Stan gets a little annoyed when his Mum and Sister keep buying expensive items on hire purchase, but the money he earns for overtime working as a bus driver means that he can afford it... ... See full summary »
Two men who are nextdoor neighbors constantly battle it out over seemingly trivial offenses. Their wives, on the other hand, are best of friends. The two couples attempt to win a 'love-thy-neighbor' competition by lying...
Three old men from Yorkshire who have never grown up face the trials of their fellow town citizens and everyday life and stay young by reminiscing about the days of their youth and attempting feats not common to the elderly.
George and Mildred Roper are forced to leave their home in South Kensington (as the landlords in Man About the House (1973)) when they receive a compulsory purchase order from the council. ... See full summary »
The trials and tribulations of bus driver Stan and his conductor Jack unfold in this weekly comedy. The bain of their working life is Inspector Blake who'll do anything to make their lives ... See full summary »
Stingy English landlord Rigsby manages to scam his lodgers Cooper, an arts student, and Philip, an African jock, making both pay for a room they must share. However Rigsby's favorite lodger... See full summary »
Frances de la Tour,
Bus driver Stan Butler agrees to marry Suzy, much to the anguish of Mum, her son-in-law, Arthur, and daughter Olive. How, they wonder, will they ever manage without Stan's money coming in? Then Arthur is sacked, and Stan agrees to delay the wedding. Meanwhile, he hits on an idea: Arthur should learn to drive a bus. Somehow he does just that, and even gets a job. Stan then blackmails the Depot ... See full summary »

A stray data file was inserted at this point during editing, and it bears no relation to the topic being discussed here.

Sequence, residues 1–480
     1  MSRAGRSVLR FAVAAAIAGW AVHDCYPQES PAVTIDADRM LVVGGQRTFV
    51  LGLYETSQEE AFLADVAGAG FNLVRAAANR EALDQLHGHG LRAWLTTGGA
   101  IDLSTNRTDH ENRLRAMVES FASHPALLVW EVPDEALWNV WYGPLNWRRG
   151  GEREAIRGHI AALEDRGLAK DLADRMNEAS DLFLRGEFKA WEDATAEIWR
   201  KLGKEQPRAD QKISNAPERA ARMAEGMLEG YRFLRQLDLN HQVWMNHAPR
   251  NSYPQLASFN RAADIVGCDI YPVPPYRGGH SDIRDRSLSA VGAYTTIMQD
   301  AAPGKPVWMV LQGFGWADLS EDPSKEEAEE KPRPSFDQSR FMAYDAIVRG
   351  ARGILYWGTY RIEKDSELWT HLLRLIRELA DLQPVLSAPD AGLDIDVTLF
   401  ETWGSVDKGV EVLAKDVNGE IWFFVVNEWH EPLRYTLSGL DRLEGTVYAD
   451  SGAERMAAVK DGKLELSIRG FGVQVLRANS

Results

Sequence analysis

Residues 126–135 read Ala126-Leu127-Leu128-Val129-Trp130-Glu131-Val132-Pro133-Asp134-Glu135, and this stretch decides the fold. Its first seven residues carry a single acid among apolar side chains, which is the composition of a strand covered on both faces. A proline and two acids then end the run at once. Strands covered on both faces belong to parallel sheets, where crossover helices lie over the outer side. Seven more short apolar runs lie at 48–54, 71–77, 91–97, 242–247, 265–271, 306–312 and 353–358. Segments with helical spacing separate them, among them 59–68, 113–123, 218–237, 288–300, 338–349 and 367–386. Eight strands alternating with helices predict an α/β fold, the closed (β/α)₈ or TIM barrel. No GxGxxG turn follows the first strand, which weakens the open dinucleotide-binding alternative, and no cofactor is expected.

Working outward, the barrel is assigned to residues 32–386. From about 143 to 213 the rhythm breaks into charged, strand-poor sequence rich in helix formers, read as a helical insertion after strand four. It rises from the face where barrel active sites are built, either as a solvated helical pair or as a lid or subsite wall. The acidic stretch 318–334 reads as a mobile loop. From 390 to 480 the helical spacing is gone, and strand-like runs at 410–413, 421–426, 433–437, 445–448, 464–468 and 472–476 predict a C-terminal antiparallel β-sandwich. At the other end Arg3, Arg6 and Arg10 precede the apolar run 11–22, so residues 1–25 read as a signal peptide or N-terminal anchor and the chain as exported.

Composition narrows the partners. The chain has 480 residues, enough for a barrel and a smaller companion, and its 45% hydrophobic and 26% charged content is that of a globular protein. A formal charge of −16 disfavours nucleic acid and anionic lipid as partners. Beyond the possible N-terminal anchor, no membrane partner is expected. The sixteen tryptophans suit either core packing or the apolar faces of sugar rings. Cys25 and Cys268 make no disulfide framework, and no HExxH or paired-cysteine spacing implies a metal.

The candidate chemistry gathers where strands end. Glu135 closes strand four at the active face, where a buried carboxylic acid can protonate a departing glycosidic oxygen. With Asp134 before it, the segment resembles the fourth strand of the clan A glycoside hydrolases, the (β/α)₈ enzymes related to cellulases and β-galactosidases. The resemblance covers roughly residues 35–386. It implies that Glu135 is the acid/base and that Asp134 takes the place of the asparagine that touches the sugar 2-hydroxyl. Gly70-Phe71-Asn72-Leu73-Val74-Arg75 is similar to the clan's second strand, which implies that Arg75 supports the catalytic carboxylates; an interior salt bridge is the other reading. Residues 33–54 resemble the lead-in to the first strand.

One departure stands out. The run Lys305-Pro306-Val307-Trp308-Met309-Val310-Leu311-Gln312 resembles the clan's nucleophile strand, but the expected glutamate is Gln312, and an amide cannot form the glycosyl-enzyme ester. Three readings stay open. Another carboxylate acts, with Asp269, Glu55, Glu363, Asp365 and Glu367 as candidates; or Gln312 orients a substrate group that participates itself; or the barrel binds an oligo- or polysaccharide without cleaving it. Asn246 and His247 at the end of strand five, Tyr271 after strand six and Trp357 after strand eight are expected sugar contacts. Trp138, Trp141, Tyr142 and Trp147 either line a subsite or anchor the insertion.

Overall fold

GEORGE AND MILDRED was a spin off from the mid 1970s sit-com MAN ABOUT THE HOUSE . Though I haven't seen the series since it was last broadcast I do remember it being fairly amusing with most of the comedy arising from the eponymous couple going to live beside the snobbish Fourmile family , a sort of LOVE THY NEIGHBOUR without the cynical racist gags .
Having seen this " big screen version of the show " I find myself asking what it's a big screen version of ? Certainly not of a popular mid 70s sit com of the same name . For some reason the movie jettisons all character interaction from the television by having George and Mildred leaving the street where they live behind and getting caught up in a plot involving some serious gangsters who want something George has inadvertently picked up and which leads to some cringe making situations and lines like:
" Did he give it to you "
" No that's the first time a man has resisted my charms "
" I meant the envelope "
You do get the impression that screenwriter Dick Sharples ( Who never wrote an episode for the original sit-com ) has never seen an episode of the source material and has got the show confused with the CARRY ON series of films . In many ways it resembles the same mistakes of the latter LOST IN SPACE movie in that it has absolutely nothing in common with the series that spawned it
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